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Discussion Starter · #21 ·
Interesting. The thermostat was replaced last year when the head gasket was replaced so that is not the problem here. I talked to the mechanic who did the work on my car and he said they use a special coolant tool to draw 25 inches of vacuum to check for leaks and then draw in the coolant to prevent any air in the system. Using a tool like this would make my clogged purge tube a moot point - if they really work. Has anyone had any experience with one of these tools? I would gladly invest in one if they were effective at getting all the air out.

Tom
 

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To throw in another data point mine will hit 231, however, it will only do this in second gear on a long climb up to Lake Tahoe which I'm sure being in Sparks you're familiar with. Are you getting these numbers on flat ground or while going up a long steep incline that forces you into second gear?
 

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This was on a vehicle that Scott did the Radiator replacement on and fixed a coolant leak. It has no history of head gasket issues and really has no issues or codes since he went through it all beside the battery is starting to act up in the heat.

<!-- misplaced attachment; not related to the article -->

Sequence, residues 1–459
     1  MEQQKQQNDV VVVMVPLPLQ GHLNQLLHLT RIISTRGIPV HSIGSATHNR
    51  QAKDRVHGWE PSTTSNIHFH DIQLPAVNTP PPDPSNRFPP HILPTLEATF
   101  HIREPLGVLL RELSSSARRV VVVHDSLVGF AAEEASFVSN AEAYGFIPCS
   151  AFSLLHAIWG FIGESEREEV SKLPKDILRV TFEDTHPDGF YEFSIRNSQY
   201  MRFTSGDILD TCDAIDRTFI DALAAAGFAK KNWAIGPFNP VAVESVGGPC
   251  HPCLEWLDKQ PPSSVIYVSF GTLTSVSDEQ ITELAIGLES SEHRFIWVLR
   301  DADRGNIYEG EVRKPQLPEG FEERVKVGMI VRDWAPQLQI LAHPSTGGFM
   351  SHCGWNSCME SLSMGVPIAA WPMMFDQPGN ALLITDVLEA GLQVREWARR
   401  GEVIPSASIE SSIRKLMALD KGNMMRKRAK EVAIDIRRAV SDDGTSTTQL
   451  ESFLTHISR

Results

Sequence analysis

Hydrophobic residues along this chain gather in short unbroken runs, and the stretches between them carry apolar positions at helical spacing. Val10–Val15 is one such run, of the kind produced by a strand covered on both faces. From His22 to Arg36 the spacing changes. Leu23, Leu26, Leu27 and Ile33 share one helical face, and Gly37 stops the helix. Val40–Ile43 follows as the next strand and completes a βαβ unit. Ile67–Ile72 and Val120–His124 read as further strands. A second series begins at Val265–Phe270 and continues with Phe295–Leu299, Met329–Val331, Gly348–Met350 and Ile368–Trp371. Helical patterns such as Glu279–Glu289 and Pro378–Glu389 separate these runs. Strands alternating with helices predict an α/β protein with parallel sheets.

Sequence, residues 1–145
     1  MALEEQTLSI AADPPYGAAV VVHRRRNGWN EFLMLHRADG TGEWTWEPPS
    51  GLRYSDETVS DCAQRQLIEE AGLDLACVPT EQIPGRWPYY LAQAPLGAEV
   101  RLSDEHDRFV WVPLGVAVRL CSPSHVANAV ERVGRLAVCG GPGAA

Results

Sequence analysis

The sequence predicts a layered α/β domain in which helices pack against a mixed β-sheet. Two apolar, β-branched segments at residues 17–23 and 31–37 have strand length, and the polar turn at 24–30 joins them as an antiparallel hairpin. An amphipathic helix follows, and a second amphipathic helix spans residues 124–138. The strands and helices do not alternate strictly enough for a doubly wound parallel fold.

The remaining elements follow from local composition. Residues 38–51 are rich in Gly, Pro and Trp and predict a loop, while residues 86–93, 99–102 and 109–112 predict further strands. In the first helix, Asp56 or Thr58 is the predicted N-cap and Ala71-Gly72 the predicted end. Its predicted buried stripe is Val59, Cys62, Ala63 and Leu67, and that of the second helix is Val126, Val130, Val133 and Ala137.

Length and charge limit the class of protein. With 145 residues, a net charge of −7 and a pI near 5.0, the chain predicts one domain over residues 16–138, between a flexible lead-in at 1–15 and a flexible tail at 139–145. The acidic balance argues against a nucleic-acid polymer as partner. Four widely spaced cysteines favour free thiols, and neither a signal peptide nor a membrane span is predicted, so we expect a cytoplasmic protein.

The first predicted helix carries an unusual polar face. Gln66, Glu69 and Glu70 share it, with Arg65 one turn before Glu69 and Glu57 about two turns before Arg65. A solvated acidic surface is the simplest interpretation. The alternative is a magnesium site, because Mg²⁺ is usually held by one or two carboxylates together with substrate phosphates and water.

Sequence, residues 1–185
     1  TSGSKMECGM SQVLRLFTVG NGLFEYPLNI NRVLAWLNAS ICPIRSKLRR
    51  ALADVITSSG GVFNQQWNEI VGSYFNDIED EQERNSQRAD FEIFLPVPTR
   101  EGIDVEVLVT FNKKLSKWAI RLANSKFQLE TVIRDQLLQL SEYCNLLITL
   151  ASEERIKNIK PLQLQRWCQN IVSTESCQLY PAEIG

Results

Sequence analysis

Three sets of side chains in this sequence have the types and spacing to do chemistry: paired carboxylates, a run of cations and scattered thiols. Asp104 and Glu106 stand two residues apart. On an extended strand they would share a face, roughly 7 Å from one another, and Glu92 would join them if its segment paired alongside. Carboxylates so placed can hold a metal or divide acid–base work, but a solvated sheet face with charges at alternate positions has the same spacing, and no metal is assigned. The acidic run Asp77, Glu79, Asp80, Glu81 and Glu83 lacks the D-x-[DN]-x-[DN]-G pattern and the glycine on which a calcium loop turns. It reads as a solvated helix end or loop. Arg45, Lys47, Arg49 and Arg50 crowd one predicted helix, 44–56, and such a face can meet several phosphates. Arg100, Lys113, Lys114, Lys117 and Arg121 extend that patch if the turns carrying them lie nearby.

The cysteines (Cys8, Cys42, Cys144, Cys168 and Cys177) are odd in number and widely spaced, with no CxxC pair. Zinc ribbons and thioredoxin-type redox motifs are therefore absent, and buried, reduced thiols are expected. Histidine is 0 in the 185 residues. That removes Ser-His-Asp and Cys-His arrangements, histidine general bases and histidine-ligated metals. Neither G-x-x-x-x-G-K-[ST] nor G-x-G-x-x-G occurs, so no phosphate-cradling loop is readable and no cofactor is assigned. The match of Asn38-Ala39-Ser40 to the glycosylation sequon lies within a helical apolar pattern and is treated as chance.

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Discussion Starter · #24 ·
I live near Prater Wy and El Rancho so the short jaunt from there to the Vista offramp and back home via 80 Fwy is enough to hit 231F in 5th gear when it is 100+F out. Today was a bit cooler out so it hovered around 224F mostly but still climbed to 231 a few times. I find it strange that the dash temp gauge considers 231F as "normal" - still 6 to 7 bars like there is no problem at all. A/C needs topping off but other than that everything else works fine with over 220K miles on car.
 

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I have never looked at the OBDIIC&C for coolant temp.. I just use the factory gauge that never goes past 1/2 way.

Thanks for posting the coolant "burping" video, here is a link to an EGR cleaning flexible drill bit that may work to clean the passage:

SUR&R® EGR9 - EGR Drill Bit - TRUCKiD.com
 

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3/16" dia. drill. I don't think that would work but a good find though.
 

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Discussion Starter · #27 ·
It seems long enough but just not flexible enough to make the two 45 degree bends. I made a 176 mile trip to a house my son bought in Winnemucca and the red LED indicating overtemp on the OBDIIC&C was on constantly never went over 231F. Also, the dash temp gauge never went out of the "normal" 6 to 7 bars. Strange.